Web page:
With the Geneva auction season still visible in the rearview mirror the Hong Kong spring auctions are already on the horizon. They take place at the end of May, with Christie’s offering over 300 lots.
As is typical of a Hong Kong auction, the sale is an opportunity to pick up great contemporary watchmaking at compelling prices. The catalogue overall is a mix of modern and vintage timepieces, but with a larger proportion of recent watches. It includes a strong offering of modern complications – like the Audemars Piguet Cabinet series – and independent watchmaking from Urwerk to a sapphire MB&F.
The auction happens on May 28 and the full catalogue is available here.
Lot 2290 – Ulysse Nardin Freak 1
A historically important watch in many ways, the Ulysse Nardin Freak was the first wristwatch with silicon movement components to hit the market, almost a generation ago, back in 2001.
Not only was it notable in technology, the movement construction – invented by Carole Forestier and then perfected by Ludwig Oeschlin – is ingenious. The movement (regulator, wheel train and bridges) doubles up as the minute hand, while the giant mainspring takes up most of the space inside the case, giving it a weeklong power reserve.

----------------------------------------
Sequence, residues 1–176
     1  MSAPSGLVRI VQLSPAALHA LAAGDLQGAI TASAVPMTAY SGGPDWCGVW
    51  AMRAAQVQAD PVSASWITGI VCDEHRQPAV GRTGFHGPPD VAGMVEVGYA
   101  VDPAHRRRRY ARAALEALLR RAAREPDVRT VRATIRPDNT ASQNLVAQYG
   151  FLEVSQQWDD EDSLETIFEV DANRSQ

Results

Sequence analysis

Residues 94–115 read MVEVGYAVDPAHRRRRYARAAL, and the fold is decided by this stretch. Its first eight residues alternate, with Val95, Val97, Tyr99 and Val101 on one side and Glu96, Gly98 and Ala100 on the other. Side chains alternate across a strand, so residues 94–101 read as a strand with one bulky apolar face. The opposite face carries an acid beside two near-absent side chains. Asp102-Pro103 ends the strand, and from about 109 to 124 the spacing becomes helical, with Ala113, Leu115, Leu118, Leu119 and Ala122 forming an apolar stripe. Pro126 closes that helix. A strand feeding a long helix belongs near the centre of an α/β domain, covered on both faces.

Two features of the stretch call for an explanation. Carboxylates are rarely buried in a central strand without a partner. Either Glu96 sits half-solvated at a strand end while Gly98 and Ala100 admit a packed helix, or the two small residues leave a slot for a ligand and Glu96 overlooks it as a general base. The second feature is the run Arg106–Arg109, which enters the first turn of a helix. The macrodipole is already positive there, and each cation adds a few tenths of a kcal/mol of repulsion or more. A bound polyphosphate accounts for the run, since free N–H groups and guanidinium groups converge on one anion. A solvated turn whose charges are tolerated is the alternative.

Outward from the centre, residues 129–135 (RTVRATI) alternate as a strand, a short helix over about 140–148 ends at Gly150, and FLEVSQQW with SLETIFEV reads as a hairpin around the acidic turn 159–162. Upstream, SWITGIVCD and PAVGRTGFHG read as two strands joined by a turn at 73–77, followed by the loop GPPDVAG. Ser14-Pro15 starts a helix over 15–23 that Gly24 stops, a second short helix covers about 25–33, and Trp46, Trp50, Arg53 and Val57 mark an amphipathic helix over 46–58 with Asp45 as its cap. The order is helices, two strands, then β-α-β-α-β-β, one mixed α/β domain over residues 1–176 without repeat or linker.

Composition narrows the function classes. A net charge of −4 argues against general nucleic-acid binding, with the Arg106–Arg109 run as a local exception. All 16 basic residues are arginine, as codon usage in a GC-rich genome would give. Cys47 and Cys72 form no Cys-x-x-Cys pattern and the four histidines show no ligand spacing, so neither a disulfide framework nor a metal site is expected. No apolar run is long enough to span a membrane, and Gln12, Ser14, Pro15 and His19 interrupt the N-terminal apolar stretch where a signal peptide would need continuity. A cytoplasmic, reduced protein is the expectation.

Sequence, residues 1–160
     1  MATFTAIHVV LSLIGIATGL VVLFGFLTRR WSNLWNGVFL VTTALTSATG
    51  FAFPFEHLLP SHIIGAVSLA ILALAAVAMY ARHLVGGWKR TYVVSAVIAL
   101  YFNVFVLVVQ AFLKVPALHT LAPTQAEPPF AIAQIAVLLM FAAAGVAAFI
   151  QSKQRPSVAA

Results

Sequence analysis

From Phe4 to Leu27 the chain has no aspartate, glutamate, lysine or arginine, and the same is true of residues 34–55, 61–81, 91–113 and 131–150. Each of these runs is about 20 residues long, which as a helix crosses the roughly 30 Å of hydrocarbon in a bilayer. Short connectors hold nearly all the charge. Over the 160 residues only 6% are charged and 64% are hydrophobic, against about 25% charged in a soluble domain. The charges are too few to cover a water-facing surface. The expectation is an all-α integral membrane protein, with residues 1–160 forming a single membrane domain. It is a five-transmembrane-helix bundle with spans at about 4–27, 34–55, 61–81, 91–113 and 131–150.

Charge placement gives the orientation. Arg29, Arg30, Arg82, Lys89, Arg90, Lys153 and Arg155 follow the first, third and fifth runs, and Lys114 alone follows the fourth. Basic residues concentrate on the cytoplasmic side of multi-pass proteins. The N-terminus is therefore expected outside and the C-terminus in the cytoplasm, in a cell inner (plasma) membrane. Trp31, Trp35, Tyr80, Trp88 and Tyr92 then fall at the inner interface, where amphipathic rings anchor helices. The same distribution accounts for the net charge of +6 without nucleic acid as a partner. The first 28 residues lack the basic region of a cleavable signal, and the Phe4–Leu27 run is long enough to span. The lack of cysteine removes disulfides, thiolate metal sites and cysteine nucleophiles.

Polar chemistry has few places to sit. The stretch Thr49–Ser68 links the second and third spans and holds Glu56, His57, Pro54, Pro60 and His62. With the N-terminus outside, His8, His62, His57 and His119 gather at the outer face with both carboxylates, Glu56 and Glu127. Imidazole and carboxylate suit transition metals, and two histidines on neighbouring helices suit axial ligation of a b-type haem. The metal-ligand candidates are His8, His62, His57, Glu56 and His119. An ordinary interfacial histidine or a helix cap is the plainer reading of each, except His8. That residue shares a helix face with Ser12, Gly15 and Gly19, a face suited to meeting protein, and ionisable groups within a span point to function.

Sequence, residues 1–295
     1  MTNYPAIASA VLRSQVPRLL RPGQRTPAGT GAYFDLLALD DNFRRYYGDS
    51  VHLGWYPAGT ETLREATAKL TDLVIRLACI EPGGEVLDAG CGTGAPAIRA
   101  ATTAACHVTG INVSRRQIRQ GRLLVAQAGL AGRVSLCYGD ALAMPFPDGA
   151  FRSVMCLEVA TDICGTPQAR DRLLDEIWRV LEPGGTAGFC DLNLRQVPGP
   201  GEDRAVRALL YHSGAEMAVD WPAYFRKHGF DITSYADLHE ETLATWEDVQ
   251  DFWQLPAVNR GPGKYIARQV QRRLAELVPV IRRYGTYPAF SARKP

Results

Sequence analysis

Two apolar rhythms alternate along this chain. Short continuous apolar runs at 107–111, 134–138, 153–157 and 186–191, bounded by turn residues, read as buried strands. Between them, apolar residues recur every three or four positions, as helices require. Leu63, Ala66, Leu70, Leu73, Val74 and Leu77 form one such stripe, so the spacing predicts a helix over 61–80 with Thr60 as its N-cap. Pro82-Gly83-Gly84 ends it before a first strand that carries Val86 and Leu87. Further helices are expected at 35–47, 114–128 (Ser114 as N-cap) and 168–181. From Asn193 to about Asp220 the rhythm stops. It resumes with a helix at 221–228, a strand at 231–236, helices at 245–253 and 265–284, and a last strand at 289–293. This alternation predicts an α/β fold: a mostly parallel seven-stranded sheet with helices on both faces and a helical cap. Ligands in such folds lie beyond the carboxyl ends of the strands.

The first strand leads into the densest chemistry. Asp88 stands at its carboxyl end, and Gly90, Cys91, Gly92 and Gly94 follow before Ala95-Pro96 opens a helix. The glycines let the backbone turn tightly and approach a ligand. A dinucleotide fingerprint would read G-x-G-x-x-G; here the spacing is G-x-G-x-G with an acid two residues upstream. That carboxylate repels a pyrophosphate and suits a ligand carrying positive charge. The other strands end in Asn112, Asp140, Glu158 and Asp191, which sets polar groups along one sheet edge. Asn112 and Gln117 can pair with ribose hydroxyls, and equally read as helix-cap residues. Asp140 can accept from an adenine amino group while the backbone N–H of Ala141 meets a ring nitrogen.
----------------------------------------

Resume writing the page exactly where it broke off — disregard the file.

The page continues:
This particular example of the Freak is perhaps the quintessential version, with a rose gold case that matches the gilt finish of the movement bridges. It is what collectors term a Freak “1.5”, having being a first generation Freak with an upgraded, and substantially more reliable, silicon escapement taken from the Freak 2.
Accompanied by the original packaging and a warranty dated 2003, the Freak has an estimate of HK$200,000 to HK$300,000, or US$26,000 to US$38,000.
Lot 2299 – Jaeger-LeCoultre Master Minute Repeater
A strong value proposition as far as minute repeating wristwatches are concerned, the Jaeger-LeCoultre Master Minute Repeater was one of the most interesting striking watches of its time.